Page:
Yonex Ezone elite 3.0 irons
Best: For mid-to-high handicap golfers
With an oversize club head and internal groove around the face, this iron is designed for forgiveness and distance, plus it has a lower centre of gravity to encourage the ball to go further, faster. We tested this one at the range and think the set is a bargain for golfers looking to improve consistency, distance and overall scores.
Honma T world GS ladies irons
Best: For slower swing speeds
Honma’s GS irons are designed for improving golfers who aren’t all that confident on the course and need greater forgiveness (the deeper cavity and wide sole, with extended sweet spot, is there but doesn’t feel chunky). It was really lightweight and we managed to get the ball further and keep our swing more consistent than we were used to. We also really like the stylish yellow colourway.
Pro golfer Lee Westwood is a fan of the Ping i210, which scores high on this list for both accuracy and consistency: the iron feels soft as butter, which in turn improves how we were hitting our ball. We found it went straighter, faster and closer to the pin. These are appropriate for the good golfer looking for accuracy. They look sleek, too.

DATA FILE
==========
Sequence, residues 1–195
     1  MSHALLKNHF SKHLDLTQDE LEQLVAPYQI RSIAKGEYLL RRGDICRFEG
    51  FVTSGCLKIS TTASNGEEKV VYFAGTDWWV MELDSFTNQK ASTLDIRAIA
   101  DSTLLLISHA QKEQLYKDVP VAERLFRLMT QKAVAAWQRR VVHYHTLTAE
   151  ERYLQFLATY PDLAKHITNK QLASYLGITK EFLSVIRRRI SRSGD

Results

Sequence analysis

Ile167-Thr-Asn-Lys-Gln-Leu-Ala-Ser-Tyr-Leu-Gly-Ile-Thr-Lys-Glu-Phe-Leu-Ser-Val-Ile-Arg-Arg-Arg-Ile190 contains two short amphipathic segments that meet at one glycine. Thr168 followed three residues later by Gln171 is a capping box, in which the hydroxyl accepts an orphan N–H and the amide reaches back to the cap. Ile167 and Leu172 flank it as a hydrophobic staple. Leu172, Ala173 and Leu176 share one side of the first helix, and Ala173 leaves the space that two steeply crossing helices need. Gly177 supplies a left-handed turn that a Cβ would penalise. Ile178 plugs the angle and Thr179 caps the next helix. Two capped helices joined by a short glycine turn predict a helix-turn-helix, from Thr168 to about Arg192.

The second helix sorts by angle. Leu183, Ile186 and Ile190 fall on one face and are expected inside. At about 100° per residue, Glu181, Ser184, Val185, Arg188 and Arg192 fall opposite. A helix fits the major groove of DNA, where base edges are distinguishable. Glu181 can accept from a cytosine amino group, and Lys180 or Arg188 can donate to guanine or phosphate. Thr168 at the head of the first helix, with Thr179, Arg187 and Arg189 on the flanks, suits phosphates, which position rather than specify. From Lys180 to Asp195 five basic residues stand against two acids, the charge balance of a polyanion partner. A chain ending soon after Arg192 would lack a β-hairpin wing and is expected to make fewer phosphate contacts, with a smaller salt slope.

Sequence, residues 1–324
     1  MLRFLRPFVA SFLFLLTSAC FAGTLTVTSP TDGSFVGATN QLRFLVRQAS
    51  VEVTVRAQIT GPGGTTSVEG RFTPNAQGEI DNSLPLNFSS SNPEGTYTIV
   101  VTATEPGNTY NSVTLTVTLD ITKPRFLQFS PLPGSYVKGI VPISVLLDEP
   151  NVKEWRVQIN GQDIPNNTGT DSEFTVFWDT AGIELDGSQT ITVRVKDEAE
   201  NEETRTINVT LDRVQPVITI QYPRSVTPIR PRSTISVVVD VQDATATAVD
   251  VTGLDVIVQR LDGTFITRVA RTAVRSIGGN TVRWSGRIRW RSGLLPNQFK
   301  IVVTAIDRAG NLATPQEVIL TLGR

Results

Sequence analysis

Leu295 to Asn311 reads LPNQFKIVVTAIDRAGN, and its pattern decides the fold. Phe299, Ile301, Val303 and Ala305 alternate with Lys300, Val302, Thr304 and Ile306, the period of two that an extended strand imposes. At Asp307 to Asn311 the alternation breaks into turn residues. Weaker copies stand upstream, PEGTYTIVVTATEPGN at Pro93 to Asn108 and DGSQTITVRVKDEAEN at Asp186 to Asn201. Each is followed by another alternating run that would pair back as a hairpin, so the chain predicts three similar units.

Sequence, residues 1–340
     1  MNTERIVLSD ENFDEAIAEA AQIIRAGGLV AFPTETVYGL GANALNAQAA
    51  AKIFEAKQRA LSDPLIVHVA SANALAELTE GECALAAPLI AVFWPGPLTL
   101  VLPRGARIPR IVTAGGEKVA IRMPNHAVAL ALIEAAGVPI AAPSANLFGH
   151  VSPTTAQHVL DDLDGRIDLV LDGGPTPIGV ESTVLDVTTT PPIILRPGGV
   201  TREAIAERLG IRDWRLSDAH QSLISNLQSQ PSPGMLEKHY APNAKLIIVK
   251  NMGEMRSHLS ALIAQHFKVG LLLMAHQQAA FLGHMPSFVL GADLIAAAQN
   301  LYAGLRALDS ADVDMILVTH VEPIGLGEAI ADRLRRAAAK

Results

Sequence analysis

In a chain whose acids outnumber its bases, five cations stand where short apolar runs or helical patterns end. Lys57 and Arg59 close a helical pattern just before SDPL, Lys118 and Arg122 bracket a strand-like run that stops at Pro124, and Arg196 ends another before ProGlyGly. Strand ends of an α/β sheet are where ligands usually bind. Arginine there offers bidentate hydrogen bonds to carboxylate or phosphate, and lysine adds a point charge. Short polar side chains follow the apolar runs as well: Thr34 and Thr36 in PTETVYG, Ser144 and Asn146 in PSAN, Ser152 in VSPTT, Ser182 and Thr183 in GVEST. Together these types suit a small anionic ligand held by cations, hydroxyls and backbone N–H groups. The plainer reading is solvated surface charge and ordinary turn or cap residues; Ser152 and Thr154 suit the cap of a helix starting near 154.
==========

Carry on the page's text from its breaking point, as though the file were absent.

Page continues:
Vega mizar tour
This iron looks and feels luxurious: it’s impossible not to appreciate the quality and craftsmanship that this Japanese brand delivers. Forged from carbon steel, it has a softer face insert for the forgiveness mid-handicap golfers want, with great feedback.
Best: For low-handicap golfers
This iron is more forgiving than a blade but offers more in terms of control and speed, and it’s a solid choice for the low-handicap golfer (it’s less suitable for beginners). It has an appealing look, it feels good and it allows you to shape shots. The v-shaped sole saved a few of our shots where strike wasn’t perfect.
This iron is our top pick for anyone new to golf who is thinking about trying out the game but doesn’t want to spend a fortune. Designed with an enlarged head to make positioning easier, this game-improvement iron is ideal for those just starting out, plus it handles smoothly – like a far more expensive club.
You can also get full sets of Inesis irons at Decathlon for under £350, and the retailer also stocks irons from top brands like TaylorMade. A great budget club, but more experienced golfers will want to steer clear.
The verdict: Golf Irons
TaylorMade’s P790 series scores high across the board, from appearance to forgiveness to ease of use – and the serious golfer won’t be disappointed. Just starting out? Save your pence with the Inesis 100 at Decathlon, which does the job and will help your score, while still looking smart on the course.
Make sure you have all your essentials for a day on the course and check our guide to the best golf putters for improving your game on the green
IndyBest product reviews are unbiased, independent advice you can trust. On some occasions, we earn revenue if you click the links and buy the products, but we never allow this to bias our coverage. The reviews are compiled through a mix of expert opinion and real-world testing.